RequireMINTS

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RequireMINT 4: Introduce Formal/Semi-formal Peer Reviews
A typical review contains one or more of the following stages:

  • Planning: Review schedule is set
  • Overview: Reviewers are provided with an introduction to the work product
  • Preparation: Reviewers receive the product to review individually
  • Meeting: Reviewers meet to discuss possible defects
  • Rework: Product is revised based identified defects
  • Follow-up: Rework is verified

An incomplete scope is revealed through reviewers pointing out missing, incomplete, or unfeasible requirements. In addition, team members have an early opportunity to clear up any questions or perceived ambiguity, thereby increasing their understanding of the requirements. Identifying defects in the requirements phase reduces system instability by preventing massive requirement changes from reverberating throughout other areas of the SDLC. Traceability is improved by reviewers identifying the testability of a requirement prior to that requirement being finalized.

RequireMINT 5: Document to Avoid Reverse Engineering
The majority of the work that goes into software development often occurs after the initial development and deployment. This is when system maintenance is performed, which includes fixing production defects, adding new functionality, and changing existing functionality. Unfortunately, many of these deployed systems have incomplete or incorrect requirements, making it difficult to understand current system operations and how to properly make system updates. Reverse engineering requirements is the process of obtaining a sufficient level of information about a system based on how the system currently functions as opposed to how it is documented. This process is very time-consuming and often unreliable.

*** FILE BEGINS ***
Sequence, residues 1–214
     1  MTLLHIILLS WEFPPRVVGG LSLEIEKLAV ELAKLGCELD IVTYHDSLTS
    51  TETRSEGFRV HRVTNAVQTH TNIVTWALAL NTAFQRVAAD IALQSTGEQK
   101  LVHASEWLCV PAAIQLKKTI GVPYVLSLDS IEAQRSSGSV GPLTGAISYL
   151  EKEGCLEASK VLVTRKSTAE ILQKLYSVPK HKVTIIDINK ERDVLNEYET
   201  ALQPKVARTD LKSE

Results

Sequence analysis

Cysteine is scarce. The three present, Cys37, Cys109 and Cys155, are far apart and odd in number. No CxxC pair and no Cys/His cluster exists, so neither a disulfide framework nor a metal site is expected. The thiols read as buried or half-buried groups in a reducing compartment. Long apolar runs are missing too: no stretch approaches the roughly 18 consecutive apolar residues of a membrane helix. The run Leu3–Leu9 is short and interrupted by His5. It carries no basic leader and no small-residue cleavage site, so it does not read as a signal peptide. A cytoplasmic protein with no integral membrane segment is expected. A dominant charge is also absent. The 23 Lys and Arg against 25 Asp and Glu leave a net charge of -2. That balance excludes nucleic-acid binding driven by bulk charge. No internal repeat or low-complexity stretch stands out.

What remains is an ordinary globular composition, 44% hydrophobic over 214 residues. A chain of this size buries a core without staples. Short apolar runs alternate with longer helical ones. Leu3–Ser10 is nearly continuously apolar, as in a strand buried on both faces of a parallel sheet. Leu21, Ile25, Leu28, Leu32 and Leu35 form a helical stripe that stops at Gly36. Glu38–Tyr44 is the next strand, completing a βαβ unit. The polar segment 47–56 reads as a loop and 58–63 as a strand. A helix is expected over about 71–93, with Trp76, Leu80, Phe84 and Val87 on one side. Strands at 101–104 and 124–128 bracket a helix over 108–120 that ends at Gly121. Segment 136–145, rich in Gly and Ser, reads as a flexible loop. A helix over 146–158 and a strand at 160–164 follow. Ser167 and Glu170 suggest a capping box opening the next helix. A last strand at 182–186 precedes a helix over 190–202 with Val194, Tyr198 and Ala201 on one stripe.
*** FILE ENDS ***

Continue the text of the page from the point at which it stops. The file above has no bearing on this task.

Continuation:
Requirements are often purposefully neglected to prevent feeling obligated to meet them. Instead of discarding requirements, assign them low priority ratings. Failing that, call them "requirements objectives"—non-binding requirements—and document them in an appendix.

Better documentation gives you a more completely defined set of requirements, which translates to a more complete scope. A more completely defined system is also a more understandable system, because there are fewer holes in the system definition. In addition, since the system has fewer holes, instability is reduced, and traceability increased.

About the author

Dion Johnson's picture Dion Johnson

As a senior test consultant and managing partner for DiJohn IC, Inc. and advisor to the Automated Testing Institute, Dion Johnson provides IT consulting services that focus on the overall system development lifecycle, with particular focus on the quality assurance, quality control, requirements analysis, and automated testing. He has presented at numerous SQE conferences and contributed to StickyMinds.com and Better Software magazine. In addition he is an editor for the Automated Software Testing magazine. Email Dion at dionjohnson@dijohn-ic.com or dionjohnson@automatedtestinginstitute.com.

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